I’ve read all about aggressive toddlers, but my child is the most aggressive kid I’ve ever seen! She constantly hits and shoves other kids, especially her younger brother. What can I do?
If your child is hitting and shoving, she needs more supervision. Some women who have very aggressive children set the rule that one physically aggressive act means the child is removed from the situation, whatever that might be (the playground, a friend’s home, a restaurant). If this happens a few times, the child learns her behavior is serious. Others pull their toddler into the sling, saying, “No hitting. Hitting hurts,” but also realizing that at this age, a child does not hit with an understanding that it will hurt or with an intention to hurt. Your daughter is expressing frustration.
I wanted to share a story. When Liam was about 2 1/2 years old, he was still struggling with my not knowing about his special diet needs and he had a lot of intensity. I don’t exactly remember what had happened, but I know we ended up laying on the bed while he was lashing around and he looked at me and said, “I really want to hit you!” You should have seen the look on his face when I said, “Yeah, well, I really want to hit you right now, too!” But I followed with, “But I won’t because we don’t hit in our family. It’s not okay for me to hit you, and it’s not okay for you to hit me, either.” I was able to say this because I don’t spank him. He thought about this for a moment then said, “But I still really want to.” “I know,” I was able to empathize, and the situation calmed down and we cuddled. I don’t think he hit me after that conversation.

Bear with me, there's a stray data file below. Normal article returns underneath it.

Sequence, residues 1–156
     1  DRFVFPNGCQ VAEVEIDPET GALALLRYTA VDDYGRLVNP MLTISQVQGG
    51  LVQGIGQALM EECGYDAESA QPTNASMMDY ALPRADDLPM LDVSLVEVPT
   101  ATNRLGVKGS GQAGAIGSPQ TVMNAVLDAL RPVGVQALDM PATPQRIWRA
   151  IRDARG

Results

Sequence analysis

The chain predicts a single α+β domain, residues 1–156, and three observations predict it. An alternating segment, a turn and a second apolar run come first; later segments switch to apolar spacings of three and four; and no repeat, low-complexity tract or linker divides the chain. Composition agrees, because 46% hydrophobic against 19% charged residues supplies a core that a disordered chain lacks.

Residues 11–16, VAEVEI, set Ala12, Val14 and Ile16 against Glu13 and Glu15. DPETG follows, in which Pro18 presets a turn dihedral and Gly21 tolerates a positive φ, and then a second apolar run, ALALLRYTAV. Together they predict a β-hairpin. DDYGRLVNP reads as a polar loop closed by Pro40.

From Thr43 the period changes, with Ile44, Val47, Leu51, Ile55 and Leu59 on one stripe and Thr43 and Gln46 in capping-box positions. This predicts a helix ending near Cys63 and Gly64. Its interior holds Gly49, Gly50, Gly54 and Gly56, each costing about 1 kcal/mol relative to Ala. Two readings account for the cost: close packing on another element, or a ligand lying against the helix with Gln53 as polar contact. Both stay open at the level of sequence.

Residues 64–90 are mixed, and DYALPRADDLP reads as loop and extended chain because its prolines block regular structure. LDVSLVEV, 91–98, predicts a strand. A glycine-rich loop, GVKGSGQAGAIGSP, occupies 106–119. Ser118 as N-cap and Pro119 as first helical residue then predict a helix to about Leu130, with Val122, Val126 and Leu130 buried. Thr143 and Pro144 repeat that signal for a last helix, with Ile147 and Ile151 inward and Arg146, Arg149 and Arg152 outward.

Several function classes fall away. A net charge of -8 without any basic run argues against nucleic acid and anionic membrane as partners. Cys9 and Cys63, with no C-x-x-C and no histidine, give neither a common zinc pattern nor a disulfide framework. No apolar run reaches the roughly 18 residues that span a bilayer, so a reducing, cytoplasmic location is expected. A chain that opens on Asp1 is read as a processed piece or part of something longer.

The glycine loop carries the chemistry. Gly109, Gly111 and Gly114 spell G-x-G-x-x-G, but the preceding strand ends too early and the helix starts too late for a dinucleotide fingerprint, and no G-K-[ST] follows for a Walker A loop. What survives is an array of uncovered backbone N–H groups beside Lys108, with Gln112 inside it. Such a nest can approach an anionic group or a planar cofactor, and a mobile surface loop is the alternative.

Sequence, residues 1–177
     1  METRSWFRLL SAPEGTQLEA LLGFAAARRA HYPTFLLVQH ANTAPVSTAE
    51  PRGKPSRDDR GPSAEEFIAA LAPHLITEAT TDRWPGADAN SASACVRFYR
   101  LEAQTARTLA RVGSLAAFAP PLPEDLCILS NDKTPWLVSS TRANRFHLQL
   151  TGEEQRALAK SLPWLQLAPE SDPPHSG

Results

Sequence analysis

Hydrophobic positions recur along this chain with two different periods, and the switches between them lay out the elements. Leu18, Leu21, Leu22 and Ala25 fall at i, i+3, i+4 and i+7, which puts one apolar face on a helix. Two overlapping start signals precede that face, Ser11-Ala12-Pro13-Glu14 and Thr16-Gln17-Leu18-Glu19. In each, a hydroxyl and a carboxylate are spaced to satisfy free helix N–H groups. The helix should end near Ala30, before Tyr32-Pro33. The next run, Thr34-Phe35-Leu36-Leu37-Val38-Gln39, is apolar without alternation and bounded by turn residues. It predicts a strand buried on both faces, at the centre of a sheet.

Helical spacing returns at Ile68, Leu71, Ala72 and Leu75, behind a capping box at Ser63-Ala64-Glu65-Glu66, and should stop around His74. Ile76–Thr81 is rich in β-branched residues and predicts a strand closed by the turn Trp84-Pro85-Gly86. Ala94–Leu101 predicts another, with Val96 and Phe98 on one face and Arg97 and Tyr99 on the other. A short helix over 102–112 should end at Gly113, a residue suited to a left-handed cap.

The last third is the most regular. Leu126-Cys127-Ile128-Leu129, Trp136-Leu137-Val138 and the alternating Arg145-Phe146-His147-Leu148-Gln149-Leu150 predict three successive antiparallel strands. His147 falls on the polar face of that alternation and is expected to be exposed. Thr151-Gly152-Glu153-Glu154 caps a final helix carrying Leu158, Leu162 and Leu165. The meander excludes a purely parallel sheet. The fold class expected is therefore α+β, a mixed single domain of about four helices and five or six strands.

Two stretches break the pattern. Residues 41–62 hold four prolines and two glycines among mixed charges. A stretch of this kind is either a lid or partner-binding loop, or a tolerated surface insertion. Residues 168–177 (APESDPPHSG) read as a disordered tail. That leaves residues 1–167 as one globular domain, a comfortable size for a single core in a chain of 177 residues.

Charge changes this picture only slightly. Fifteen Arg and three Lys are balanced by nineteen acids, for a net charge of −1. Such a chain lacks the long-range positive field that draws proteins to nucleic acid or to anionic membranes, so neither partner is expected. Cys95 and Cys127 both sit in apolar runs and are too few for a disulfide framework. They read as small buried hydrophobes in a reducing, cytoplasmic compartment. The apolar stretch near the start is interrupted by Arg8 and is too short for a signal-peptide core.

I think there are several things you can do when hitting is the issue. Remember, though, that nothing is a magic fix-all; it takes time to change a habit, and hitting between siblings is usually a habit of an immature response to a situation. The key is to get your daughter to use her words and say what she wants.
You might want to consider asking your daughter to “try again.” When my children respond inappropriately, I simply look at them and say, “Try again.” If they don’t get it right in the first couple of tries, I prompt them. So, the scenario might look like this: Fiona hits, Liam calls for me, I look at Fiona and say, “Try again.” She screams at Liam, “I DON’T LIKE THAT!” and I look at her and say, “Try again.” She calms down and says, “I don’t like that. That isn’t kind.” We’re using this successfully in many different situations; the key is you have to have taken the time to teach what to do. I also insist my children “make it right.” That might mean an apology, or it might mean they give back a toy they’ve taken.
Also, I would address the reason your daughter is hitting. Is someone taking a toy from her? Make sure you’re not focusing on the hitting to the extent that you’re not addressing what might be prompting it.